All types of hadra comprise a sequence of dhikr mainly composed of panegyrics of prophets and saints. It starts with the recitation of the Fatiha, the first Sura in the Koran. This formula constitutes the introductory liturgical prayer of any ritual ceremony in North Africa, which places them under the protection of God. The repetition of the “Shahada” is another of the most frequently heard litanies. The prayer of dhikr strictly speaking consists of the rythmical repetition of divine names, most often limited to the repetition of the name “Allah”. Progressively, the letters composing this name are eliminated, so that only a moan is heard, while the bodies are shaken by the trance. The end of the dhikr is the most privileged moment as it is the time when the communication with the saints takes place. In brotherhoods affected by Reformism, this sequence is limited to the recitation of litanies in a seated position. In other cases, the recitation itself accompanies the phenomenon of trance, in which the manifestations are more or less spectacular: moans, crying, shouting, fainting and dances. These manifestations, which are equally observed in both male and female assemblies, seem more spontaneous and less controlled among women, whose emotional expressions of religious feelings dominate the other forms of exchange with God, the prophets and the saints. Besides the prayers, the gestures have the virtue of favoring the communication with saints: turning around catafalques, touching the sheets that cover them, hanging votive fabrics, lighting candles, burning incense. The incubatio (istikhara), which consists in sleeping one or more nights in the sanctuary, is a rite which facilitates the exchange with saints. The saints appear in the dreams, to guide and advise the people expressing demands. All granted vows are a call for new offerings and new visits. A cycle of exchange is then established between visitors and saints, which leads to a durable bond between the parties. Hence the numerous visits to the saints, as an expression of gratitude, loyalty and fidelity.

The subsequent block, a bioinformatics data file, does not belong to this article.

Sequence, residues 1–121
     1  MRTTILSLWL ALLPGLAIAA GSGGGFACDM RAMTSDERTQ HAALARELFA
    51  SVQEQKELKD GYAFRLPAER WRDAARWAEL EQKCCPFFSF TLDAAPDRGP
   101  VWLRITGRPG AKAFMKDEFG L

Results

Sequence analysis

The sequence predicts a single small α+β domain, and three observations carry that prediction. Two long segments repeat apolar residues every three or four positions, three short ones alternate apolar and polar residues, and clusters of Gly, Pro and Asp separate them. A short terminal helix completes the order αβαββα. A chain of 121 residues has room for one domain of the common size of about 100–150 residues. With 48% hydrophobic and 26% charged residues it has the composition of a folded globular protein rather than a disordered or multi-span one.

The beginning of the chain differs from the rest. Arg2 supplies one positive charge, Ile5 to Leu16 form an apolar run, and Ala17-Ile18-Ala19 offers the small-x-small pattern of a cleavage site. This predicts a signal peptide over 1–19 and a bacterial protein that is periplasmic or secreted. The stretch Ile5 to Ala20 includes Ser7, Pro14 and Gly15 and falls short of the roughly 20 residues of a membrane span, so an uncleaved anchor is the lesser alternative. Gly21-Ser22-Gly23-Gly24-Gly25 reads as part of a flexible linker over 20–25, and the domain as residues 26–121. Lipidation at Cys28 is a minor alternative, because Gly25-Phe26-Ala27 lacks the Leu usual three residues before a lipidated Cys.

Mysticism versus Islamism

Now I will focus on the individual visits to the shrines and the problems this phenomenon faced with the rise of Islamism at the end of the eighties. I chose to analyze the individual ziyara, for it implies, more than the other types of visit, a personal relationship with the saints. And it is this personal relationship which remained permanent every time that the activities of the brotherhoods were prohibited or that the gatherings were forbidden. Unlike the assemblies of the prayer of dhikr, the individual visits do not necessitate a muqaddim or a muqaddima to organize and lead the group.


The figure of Abu Madyan is emblematic of saints worship in Algeria and its evolution throughout the centuries, under the effect of new religious systems or ideologies such as Reformism or Islamism. It exemplifies the complexity of this phenomenon which is not merely a popular religious practice. A great Sufi master, locally known as “Sidi Boumediene”, he becomes the patron saint of the city of Tlemcen. His memory is honoured by religious as well as by non religious people, by Fuqaha as well as by Sufis, by literate as well as by illeterate people, by men as well as by women, by the elderly as well as by the youth. He symbolizes the diversity of Algerian Islam which took specific features according to historical contexts. In the beginning of the nineties, where the Algerian religious scene was reshaped, the figure of Abu Madyan was at stake in the struggle which opposed different social and political forces for the control of the religious power.


Abu Madyan Shu‘ayb b. al-Husayn is one of the most important Sufi figures. He is the “Ghawth” (Great Help) and the “Qutb” (the Pole of the Saints ), which means that he is situated on the top of the hierarchy of Sufi saints. His spiritual path illustrates the itinerary of Sufis who traveled from West to East to achieve their initiation on the hands of Sufi Masters. He did not create a new Tariqa of his own, but his teachings, which were the synthesis of Andalusian, North-African and Oriental Sufism, were diffused by his disciples across North Africa as well as the Mashrek. Although Abu Madyan has never lived in Tlemcen, he is the patron of the city (mul al-blad). He died at the entrance of the city on his route from Bejaia to Marrakech (Morocco). As he fell ill and felt his end had approached, he asked to be buried in the village of al-Eubbad at the periphery of Tlemcen. His will was carried out and the population of Tlemcen adopted him as the new saint protector of the city instead of Sidi Dawdi. A qubba was soon built over his tomb which is visited since then. Later were added a mosque, a basin for the ablutions, a hammam and a madrasa.